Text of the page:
By Debbie le Quesne

Safeguarding: A new way of sharing information

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I have long said that the Welsh know a thing or two – I seem to spend a lot of time in Wales doing family stuff.

So I’m not in the least surprised that Caerphilly council’s Protection of Vulnerable Adults (POVA) team have come up with a new tool in the way we protect vulnerable adults.

The mechanics of sourcing information and, in particular information exchange with other agencies, has been a problem for decades.

Accurate assessment of risk is critical. However, there is a “lack of consistency” when it comes to information sharing between agencies, The Guardian reminded us recently.

It is no longer acceptable for agencies to keep information pertinent to risk to themselves. Risk management is a multi-agency approach.

This question has formed the premise for a new piece of work, which has led to the development of a new tool – the adult safeguarding chronology, a timeline initially based on social services’ records and added to at strategy meetings by agency partners.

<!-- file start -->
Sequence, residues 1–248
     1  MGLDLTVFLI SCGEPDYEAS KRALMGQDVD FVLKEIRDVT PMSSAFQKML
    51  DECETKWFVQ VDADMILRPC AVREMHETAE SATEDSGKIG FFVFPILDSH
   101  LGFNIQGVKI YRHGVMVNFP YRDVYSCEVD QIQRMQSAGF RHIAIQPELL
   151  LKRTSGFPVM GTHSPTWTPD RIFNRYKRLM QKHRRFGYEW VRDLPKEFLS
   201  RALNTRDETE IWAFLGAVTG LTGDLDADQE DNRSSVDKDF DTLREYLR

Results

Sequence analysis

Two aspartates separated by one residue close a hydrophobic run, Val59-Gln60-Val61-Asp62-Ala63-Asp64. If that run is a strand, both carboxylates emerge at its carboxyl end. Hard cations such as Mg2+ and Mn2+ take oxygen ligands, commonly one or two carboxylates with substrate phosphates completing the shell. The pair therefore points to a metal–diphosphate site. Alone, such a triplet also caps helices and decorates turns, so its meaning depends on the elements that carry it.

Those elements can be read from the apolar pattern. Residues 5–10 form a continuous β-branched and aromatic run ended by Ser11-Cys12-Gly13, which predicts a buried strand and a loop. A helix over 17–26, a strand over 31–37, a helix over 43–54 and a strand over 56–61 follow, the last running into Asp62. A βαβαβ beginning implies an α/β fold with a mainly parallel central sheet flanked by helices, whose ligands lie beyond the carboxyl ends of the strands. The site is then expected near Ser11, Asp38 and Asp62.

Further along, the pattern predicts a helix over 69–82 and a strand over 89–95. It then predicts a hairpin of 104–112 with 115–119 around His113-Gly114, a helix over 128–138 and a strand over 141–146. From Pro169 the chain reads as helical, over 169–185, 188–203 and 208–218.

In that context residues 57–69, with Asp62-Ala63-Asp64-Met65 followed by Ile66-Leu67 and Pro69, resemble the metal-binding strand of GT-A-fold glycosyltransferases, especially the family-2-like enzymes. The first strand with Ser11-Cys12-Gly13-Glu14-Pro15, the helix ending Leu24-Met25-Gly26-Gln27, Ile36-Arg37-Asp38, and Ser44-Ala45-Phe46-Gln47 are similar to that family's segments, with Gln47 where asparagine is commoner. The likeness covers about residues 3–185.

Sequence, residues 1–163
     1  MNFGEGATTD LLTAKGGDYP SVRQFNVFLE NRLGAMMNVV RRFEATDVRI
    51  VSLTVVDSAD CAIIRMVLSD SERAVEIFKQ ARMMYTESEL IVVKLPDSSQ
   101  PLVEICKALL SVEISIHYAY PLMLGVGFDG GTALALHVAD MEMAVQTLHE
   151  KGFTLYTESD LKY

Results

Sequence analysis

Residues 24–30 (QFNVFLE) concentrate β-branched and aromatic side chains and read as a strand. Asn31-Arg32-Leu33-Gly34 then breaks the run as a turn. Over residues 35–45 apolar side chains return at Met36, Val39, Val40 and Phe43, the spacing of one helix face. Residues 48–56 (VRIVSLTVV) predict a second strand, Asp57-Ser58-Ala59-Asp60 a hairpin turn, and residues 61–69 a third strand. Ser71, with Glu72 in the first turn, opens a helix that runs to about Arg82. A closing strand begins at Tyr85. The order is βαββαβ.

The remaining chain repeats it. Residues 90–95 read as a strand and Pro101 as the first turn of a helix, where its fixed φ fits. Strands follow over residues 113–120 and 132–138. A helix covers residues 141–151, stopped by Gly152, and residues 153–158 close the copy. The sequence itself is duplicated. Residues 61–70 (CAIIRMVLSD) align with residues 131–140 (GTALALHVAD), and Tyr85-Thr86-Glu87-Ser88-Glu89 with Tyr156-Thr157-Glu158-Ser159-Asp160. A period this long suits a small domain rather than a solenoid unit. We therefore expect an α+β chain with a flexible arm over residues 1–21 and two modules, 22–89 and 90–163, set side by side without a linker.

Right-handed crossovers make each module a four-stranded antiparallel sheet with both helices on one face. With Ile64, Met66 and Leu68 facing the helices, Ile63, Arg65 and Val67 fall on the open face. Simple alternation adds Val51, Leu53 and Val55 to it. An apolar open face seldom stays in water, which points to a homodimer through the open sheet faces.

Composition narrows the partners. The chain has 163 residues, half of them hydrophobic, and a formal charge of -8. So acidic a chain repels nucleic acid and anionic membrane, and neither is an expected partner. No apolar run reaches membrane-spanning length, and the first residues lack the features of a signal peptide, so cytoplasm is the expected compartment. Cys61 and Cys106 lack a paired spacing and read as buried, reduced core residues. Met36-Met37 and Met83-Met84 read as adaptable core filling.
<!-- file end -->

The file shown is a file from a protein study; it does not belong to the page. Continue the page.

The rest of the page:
The Welsh Social Services Improvement Agency – a group aimed at equipping leaders to improve practice – has supported the scheme.

Up until now no clear means to document complex history of acts of abuse existed. The Guardian says.

The people at Caerphilly are piloting the new model and I’m sure this initiative will empower all concerned. It will be nothing short of comprehensive, including actual referrals and concerns that have not met the threshold for a referral.

I applaud the idea: Signposting for other organisations is critical and this certainly ticks the boxes. Information really is power in often-difficult safeguarding circumstances.

It will be interesting to see if this records model is rolled out nationally. For sure, if it wins high praise in Wales it ought to be given an airing in England.

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